Regarding unemployment schemes, the large portion of contributions spent on low-priority programs and benefit administration will have to be decreased. A balance must be struck so that unemployment benefits offer social protection but do not serve as disincentives for working. Governments also need to ensure that benefits are adequate in relation to prevailing wages and are paid on time and over a long enough period so that workers have the time to search for new jobs.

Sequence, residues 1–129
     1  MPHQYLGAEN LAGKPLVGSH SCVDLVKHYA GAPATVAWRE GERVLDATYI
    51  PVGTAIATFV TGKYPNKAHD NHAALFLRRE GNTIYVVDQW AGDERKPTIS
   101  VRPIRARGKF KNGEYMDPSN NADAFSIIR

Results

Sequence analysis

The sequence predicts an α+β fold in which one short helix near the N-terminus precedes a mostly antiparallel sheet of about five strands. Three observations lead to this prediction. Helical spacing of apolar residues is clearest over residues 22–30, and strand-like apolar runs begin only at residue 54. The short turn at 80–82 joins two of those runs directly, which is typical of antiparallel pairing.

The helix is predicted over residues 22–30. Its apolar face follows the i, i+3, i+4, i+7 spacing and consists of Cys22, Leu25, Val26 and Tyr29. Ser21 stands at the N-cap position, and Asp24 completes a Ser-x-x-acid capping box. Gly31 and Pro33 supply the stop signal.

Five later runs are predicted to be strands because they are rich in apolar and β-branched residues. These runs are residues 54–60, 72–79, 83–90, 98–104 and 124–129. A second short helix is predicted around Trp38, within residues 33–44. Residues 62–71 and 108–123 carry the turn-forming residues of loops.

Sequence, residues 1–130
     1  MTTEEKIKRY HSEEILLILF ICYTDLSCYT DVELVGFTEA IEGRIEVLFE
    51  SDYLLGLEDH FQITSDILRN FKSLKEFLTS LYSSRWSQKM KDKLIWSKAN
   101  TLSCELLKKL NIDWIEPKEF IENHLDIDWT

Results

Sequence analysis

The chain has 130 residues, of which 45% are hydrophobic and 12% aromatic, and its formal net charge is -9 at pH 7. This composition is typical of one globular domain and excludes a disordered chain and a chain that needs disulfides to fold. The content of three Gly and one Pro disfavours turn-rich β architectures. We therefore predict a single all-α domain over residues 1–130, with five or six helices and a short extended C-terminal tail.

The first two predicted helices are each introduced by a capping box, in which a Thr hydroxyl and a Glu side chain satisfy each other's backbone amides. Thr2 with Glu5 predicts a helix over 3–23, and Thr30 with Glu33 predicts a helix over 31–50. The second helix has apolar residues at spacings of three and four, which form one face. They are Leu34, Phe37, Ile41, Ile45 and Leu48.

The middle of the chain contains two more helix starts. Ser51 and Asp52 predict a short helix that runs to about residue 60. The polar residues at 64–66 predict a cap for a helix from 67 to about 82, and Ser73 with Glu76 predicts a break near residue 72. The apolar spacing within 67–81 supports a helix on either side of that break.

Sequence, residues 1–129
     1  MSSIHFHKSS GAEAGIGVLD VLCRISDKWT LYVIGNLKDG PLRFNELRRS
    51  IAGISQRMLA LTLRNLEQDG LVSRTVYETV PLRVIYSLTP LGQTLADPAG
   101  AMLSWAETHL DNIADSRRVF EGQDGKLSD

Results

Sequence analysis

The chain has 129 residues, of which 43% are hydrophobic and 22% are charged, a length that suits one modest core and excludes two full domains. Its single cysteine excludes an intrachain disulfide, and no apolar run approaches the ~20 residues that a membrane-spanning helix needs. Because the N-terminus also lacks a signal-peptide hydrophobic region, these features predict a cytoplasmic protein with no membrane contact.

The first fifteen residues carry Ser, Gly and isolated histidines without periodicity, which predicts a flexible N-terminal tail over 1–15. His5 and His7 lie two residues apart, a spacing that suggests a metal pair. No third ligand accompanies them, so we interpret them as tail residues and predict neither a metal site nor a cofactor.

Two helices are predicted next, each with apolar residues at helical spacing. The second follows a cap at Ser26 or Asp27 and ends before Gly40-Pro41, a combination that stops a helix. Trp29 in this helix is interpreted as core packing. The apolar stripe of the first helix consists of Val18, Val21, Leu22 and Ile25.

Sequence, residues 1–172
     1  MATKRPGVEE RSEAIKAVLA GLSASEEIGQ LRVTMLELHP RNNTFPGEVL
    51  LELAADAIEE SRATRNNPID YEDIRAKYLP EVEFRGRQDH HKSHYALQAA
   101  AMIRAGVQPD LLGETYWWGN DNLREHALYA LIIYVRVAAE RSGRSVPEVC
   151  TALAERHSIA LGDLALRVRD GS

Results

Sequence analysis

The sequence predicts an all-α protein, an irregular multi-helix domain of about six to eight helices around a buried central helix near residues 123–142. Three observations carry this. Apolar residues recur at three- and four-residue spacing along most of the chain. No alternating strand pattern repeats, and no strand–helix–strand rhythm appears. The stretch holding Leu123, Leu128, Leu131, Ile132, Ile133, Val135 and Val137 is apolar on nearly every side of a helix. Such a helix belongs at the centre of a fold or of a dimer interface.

Budgetary transfer (welfare) programs should be clearly distinguished from social insurance schemes. Unemployment insurance schemes, for example, should provide benefits only to those who have contributed; transfer programs will have to be set up so that unemployment benefits for workers who have not participated in such schemes can be paid out of general tax revenues. At the same time, the benefits provided under such transfer programs must be better targeted. General subsidies for food, energy, and other goods should be abolished and replaced by cash transfers to those who are clearly identified as in need, ideally through means tests. These tests should be based not only on wage income in the formal economy but on all sources of income, especially in countries with a large informal sector. Otherwise, there is a risk that these benefits will reach individuals or households who are not really in need.